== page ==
The two styles of T'ai-Chi that I am most familiar with are the Yang family style and the Chen family style. In fact the form that I teach could rightly be called a hybrid of the two, or a Chen "flavored" Yang form. The Yang family form tends to emphasize large circular flowing movements as well as "Ward-off" energy. Ward-off energy is circular and self protective. It is what makes it hard to push a beach ball under water at the beach. You try to push the ball under but the center spins and ball always squirts out to one side. In practice Yang style students tend to stay at one height through most of the form. The arms are held more or less constantly in large circular protective circles. The size of the various postures stays fairly constant and there is very subtle if any expansion and contraction within the movements. The Chen style on the other hand emphasizes a kind of "ripple of power" inside the movements. There is twisting, spiraling, opening, closing, rising, falling, expansion and contraction within every movement. Waist turning is also more pronounced in the Chen style. Watching a Chen form to me is like watching a mountain stream:lots of graceful twists and turns, sudden slow spots, sudden rushing fast spots, lots of ups and downs, all smooth and flowing endlessly to the next bigger stream. Watching a Yang form is to me more like watching a big river:slow graceful power, evenly paced, no ups and downs, large swirling pools, endlessly flowing to the sea.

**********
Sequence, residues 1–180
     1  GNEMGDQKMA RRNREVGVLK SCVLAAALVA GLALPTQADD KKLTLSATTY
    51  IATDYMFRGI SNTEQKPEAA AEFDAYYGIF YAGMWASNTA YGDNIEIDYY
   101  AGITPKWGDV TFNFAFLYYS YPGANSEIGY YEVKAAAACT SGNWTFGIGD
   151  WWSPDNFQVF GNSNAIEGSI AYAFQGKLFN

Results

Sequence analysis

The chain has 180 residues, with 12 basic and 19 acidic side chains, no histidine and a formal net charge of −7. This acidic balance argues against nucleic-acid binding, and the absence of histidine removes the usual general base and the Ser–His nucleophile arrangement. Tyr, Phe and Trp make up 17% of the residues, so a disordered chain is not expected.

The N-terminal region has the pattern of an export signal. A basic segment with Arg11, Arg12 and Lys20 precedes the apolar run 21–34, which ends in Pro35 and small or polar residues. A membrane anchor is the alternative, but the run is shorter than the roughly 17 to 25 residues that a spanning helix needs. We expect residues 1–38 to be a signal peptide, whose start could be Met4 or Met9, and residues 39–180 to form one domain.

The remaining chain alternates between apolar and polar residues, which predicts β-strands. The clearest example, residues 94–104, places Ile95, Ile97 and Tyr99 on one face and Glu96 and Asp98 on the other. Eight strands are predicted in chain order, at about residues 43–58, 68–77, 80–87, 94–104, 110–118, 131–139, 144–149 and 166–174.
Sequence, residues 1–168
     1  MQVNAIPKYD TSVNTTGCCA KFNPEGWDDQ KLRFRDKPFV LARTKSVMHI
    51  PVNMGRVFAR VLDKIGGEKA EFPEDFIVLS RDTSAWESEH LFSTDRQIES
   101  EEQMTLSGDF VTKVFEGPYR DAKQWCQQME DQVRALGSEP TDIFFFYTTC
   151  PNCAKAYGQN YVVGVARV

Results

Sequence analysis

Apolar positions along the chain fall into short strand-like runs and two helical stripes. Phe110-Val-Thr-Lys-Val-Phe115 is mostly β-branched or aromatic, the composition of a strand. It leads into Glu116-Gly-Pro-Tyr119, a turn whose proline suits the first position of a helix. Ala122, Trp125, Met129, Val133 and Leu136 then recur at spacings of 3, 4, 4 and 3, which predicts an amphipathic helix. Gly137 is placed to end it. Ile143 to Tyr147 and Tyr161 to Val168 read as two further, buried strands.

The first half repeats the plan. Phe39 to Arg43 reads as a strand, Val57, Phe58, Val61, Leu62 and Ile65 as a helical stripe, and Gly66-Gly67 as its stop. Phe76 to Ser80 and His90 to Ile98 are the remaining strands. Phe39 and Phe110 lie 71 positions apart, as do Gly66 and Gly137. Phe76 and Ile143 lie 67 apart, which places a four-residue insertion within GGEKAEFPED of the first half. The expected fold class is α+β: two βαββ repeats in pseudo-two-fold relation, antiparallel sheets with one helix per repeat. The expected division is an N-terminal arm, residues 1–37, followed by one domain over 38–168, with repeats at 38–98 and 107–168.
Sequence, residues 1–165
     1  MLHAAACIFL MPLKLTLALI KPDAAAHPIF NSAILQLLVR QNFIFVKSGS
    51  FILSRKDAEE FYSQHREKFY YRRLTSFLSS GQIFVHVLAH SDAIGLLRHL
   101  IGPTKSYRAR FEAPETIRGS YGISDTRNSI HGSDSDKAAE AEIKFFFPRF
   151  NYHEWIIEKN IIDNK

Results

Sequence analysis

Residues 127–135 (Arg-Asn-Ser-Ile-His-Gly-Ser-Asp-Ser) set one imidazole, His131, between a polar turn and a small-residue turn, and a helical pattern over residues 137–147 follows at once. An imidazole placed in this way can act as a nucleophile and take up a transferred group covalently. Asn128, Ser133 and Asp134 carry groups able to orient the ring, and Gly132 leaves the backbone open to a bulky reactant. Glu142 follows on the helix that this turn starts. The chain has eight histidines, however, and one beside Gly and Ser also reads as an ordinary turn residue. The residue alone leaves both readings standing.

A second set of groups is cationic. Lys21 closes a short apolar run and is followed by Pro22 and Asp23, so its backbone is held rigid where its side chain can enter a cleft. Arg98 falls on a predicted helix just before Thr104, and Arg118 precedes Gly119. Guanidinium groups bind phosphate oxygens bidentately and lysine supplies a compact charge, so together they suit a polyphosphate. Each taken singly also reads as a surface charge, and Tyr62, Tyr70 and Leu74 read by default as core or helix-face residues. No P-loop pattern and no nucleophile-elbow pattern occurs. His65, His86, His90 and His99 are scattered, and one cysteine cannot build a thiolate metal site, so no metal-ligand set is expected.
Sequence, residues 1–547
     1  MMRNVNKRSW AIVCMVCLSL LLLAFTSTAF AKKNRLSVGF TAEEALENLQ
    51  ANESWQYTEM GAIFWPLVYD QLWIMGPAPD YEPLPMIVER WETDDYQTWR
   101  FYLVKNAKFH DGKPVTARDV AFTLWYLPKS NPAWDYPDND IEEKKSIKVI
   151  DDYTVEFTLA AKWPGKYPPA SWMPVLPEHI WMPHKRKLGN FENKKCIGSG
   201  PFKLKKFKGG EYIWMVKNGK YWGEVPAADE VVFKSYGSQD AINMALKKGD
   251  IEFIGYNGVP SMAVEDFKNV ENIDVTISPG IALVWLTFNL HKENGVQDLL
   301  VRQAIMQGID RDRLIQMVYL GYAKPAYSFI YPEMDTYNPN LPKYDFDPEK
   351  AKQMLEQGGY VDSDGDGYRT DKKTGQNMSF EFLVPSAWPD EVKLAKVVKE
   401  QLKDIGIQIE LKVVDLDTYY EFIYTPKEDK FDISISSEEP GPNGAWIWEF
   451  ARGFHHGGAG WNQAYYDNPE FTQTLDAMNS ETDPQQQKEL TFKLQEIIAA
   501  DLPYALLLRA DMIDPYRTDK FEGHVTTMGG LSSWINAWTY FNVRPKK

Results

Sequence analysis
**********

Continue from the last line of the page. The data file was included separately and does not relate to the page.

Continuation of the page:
I was originally trained in the "Double Yang" style system of Grand Master Tchoung Ta-Tchen. Master Tchoung's lineage was closer to the original Chen style of T'ai-Chi and as such had more rise and fall, more opening and closing, and more rising and falling than the typical Yang style form. In addition he studied Bagua and Hsing-I, sister arts to T'ai-chi, that both emphasize spiraling as well as rising and falling. He put together a symmetrical Yang style system which included movements from Bagua, Hsing-I as well as from his own experience and research in the internal arts.

When I later studied the Chen style I realized how closely related Master Tchoung's Yang style really was to its pre curser. While I enjoyed the Chen style training I found that I loved the Chen emphasis more than I enjoyed the actual form. What I decided to do was to continue with my Double Yang style practice and research while incorporating as much of the Chen emphasis as I could. Master Tchoung's system was "Chen-ish" to begin with so this felt like a natural development.